The grapes of wrath

Tuesday, November 22, 2022

Memorial of Saint Cecilia, Virgin and Martyr

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The grapes of wrath

Two heroes died on this day, C. S. Lewis, veteran of World War I and John F. Kennedy, veteran of World War II.

Both were writers, and both captured the imagination of their generation. C. S. Lewis inspired the people of beleaguered Great Britain during the darkest days of World War II with his lectures on Mere Christianity. President Kennedy, in the inauguration address in 1961, spoke out into the bright January sunshine, “Ask not what your country can do for you. Ask what you can do for your country!”

This new president, author of Profiles in Courage, meant what he said; he founded the Peace Corps among other service opportunities, and inspired young people all across the United States, including me. I turned 14 five days before the day they died.

I didn’t know C. S. Lewis yet; reading his books came later. But everyone in Lincoln, Illinois knew President Kennedy. On Friday, November 22, 1963, Mr. Denny suspended our freshman algebra class when the intercom interrupted with a CBS news bulletin: “The president has been shot.” Television went back to “As the World Turns,” but not for long. We were shocked, talking, asking questions, and then Walter Cronkite was back on the air.

“From Dallas, Texas, this flash, apparently official: President Kennedy died at 1 pm Central Standard Time, some 38 minutes ago.” Cronkite took off his thick black rimmed glasses, his voice breaking, obviously struggling not to weep, before he continued.

We stayed in school for a couple more classes, always listening on the intercom. After a very subdued bus ride home, our family sat in the living room watching black and white TV for the rest of the weekend. Jackie, nearly six year old Caroline, and her small son John-John walked beside the black carriage. We were spellbound, and broken hearted, and all of us wept along with Mr. Cronkite.

It was November 25, John-John’s third birthday. Outside St. Matthew’s Cathedral, John-John “stepped forward and rendered a final salute” as his dad’s casket was carried out.

The Kennedys had four children. One was stillborn in 1956, another died two days after his birth in 1963. I didn’t know that till today. Oh my gosh, what sadness that family carried. Then there was John the president, and Robert the candidate, both assassinated five years apart. And when he was 38, John-John was killed in a plane crash near Martha’s Vineyard.

C. S. Lewis wrote The Chronicles of Narnia, and The Great Divorce, and Mere Christianity, and Perelandra, and much more. He said, “Miracles are a retelling in small letters of the very same story which is written across the whole world in letters too large for some of us to see.” He loved the world in which he found himself. At the same time, he did not love it. He wrote, “If I find in myself a desire which no experience in this world can satisfy, the most probable explanation is that I was made for another world.” His obituary was inside the paper, since Kennedy’s took the whole front page.

So, today is the almost 70th anniversary of their deaths, these two heroes in the world of men. And as I think of them, I read from Revelation.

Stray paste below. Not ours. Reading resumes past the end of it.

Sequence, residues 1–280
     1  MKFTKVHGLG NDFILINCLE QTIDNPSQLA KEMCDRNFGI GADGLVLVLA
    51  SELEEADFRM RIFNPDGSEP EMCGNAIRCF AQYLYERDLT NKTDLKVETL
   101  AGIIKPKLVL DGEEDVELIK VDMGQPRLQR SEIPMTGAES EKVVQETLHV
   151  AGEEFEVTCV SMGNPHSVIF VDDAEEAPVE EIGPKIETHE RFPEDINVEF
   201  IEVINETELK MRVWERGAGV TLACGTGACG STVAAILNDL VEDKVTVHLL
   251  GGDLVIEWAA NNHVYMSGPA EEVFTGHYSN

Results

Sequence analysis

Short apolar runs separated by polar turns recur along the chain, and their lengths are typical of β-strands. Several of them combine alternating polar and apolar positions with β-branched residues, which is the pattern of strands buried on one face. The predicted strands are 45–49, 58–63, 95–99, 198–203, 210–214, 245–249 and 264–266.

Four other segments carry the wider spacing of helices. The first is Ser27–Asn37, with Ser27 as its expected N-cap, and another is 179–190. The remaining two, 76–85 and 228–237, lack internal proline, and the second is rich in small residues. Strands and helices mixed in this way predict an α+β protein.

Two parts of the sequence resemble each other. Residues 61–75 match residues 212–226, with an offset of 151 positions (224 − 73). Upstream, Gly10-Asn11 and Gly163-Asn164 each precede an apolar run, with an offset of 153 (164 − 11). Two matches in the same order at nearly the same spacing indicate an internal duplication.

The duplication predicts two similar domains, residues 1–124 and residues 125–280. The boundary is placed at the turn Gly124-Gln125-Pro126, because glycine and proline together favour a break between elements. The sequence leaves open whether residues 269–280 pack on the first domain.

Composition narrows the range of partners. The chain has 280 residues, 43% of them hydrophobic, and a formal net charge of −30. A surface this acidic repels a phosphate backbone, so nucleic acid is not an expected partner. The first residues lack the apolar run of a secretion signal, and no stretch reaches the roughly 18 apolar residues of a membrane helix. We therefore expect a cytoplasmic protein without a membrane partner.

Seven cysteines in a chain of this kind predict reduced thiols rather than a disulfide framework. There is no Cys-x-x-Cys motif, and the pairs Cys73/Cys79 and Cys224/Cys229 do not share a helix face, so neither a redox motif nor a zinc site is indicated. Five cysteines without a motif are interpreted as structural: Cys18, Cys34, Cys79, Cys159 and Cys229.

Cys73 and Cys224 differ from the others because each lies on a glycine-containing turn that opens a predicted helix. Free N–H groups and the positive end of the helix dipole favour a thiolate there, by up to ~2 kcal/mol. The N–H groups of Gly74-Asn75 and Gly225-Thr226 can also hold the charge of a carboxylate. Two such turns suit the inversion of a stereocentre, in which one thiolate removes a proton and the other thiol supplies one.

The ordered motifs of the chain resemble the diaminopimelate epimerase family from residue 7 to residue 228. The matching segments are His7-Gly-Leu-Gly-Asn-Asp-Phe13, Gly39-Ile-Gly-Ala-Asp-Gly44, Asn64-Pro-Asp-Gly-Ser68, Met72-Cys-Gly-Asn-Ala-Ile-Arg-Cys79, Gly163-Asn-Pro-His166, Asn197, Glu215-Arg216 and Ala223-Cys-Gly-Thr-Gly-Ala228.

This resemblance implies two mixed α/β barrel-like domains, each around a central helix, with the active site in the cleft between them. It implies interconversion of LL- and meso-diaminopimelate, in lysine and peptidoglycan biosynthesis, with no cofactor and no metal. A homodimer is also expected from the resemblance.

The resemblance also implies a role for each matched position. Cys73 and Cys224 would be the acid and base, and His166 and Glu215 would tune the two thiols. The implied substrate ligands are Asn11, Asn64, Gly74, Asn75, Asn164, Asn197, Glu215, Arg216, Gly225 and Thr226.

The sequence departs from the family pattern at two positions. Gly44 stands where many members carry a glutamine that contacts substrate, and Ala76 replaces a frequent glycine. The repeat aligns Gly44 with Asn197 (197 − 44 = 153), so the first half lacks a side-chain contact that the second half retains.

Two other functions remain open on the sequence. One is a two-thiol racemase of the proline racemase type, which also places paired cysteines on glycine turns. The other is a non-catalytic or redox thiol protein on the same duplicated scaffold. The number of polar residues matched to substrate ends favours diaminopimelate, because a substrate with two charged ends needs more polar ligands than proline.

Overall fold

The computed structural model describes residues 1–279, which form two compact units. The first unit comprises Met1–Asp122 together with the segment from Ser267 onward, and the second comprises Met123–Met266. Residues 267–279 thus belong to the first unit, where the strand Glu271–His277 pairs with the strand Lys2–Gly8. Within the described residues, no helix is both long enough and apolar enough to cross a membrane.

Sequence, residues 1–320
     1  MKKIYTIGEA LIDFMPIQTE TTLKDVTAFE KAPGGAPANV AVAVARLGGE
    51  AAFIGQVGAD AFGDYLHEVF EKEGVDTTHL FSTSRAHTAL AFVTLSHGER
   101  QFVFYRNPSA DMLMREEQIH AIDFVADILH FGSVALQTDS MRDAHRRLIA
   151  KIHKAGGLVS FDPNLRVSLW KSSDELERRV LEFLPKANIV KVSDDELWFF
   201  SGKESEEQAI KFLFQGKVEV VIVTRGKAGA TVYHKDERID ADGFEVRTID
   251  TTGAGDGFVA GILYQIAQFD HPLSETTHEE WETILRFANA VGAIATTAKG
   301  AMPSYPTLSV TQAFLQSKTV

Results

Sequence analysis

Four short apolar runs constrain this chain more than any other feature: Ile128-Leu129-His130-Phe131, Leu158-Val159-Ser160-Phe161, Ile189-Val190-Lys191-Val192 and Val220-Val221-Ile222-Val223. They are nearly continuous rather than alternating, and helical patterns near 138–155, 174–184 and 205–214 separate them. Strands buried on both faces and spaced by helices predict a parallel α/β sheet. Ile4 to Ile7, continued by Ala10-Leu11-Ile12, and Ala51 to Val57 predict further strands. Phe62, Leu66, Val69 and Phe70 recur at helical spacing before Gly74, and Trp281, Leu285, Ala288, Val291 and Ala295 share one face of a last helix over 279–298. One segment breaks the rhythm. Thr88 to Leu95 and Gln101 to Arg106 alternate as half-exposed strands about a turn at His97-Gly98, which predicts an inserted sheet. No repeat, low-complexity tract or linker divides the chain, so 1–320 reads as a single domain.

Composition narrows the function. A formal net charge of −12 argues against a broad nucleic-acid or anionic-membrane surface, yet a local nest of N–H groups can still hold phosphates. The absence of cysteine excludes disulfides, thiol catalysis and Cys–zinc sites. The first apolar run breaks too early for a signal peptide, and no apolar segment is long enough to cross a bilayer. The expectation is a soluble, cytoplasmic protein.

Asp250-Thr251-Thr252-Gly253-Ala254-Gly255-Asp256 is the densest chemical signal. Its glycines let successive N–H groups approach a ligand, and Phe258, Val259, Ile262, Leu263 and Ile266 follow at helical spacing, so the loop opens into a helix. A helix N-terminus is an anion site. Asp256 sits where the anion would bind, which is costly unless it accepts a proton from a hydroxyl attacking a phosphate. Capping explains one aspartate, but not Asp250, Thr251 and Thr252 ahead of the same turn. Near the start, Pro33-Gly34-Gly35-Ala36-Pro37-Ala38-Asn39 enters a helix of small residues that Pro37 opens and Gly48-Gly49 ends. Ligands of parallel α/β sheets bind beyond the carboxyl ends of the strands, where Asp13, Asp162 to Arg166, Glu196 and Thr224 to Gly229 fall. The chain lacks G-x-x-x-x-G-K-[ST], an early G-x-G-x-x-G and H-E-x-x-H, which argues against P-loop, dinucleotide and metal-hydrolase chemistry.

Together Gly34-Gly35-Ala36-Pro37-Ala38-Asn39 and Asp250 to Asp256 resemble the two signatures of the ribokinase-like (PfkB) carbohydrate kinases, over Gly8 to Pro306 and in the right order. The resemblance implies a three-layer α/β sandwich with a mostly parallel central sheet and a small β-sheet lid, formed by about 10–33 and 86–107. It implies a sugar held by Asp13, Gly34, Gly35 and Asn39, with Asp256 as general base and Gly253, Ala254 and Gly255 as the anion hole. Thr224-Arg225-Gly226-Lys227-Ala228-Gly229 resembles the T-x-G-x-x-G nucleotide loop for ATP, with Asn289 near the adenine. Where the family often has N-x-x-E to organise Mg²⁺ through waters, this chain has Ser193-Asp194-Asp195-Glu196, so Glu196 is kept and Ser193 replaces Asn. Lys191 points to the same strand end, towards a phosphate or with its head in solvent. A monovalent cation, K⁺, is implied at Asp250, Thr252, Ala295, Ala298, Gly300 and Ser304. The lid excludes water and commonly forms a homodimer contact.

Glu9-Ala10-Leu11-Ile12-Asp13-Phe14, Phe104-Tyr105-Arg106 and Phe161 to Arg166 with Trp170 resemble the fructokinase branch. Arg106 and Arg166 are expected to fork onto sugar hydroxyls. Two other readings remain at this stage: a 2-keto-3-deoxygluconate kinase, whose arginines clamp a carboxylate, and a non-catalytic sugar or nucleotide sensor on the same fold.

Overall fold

There was a white cloud, and sitting on the cloud one who looked like a son of man, with a gold crown on his head and a sharp sickle in his hand. “Use your sickle, reap the harvest.” And so it was done. “Use your sharp sickle and cut the clusters from the earth’s vines, for its grapes are ripe.” The angel swung his sickle and cut the earth’s vintage. He threw it, then, into the great wine press of God’s fury.

When Julia Ward Howe heard these words, she transmuted them into an “abolitionist battle cry, summing up the best causes that spurred the Union to civil war.”

Mine eyes have seen the glory of the coming of the Lord.

He is trampling out the vintage where the grapes of wrath are stored!

He hath loosed the fateful lightning of his terrible swift sword,

His truth is marching on. Glory, glory! Hallelujah!

John Steinbeck plucked four words and made a novel of it. The Grapes of Wrath is concerned with fertility, and the brokenness that is cultivated by hardship and hurt, within “an agriculture that produces violence and decay instead of fruit.”

What signs will there be, Teacher? And Jesus said, “Many will come in my name but do not follow them if they say the time has come. But there will be wars, when nation will rise against nation, and there will be powerful earthquakes, famines and plagues from place to place.”

Julia Ward Howe’s last words of her “Battle Hymn of the Republic” are often sung almost in a whisper.

In the beauty of the lilies Christ was born across the sea

With a glory in his bosom that transfigures you and me …

(Revelation 14, Psalm 96, Revelation 2, Luke 21)

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1 Comment

  1. John
    November 22, 2022

    I remember Mrs Steffens, our second grade teacher, having us all pray for the president. Something, I guess , wouldn’t be allowed today. I remember you and I stayed home from church. Diabetes was just found in my life and for some reason, you and I didn’t go to church that day. I remember telling you, that they were bringing Oswald out. Then I remember hollering to you that they had shot him and you, running out from the bedroom to see. I keep track of how long I’ve had diabetes by when Kennedy was shot.


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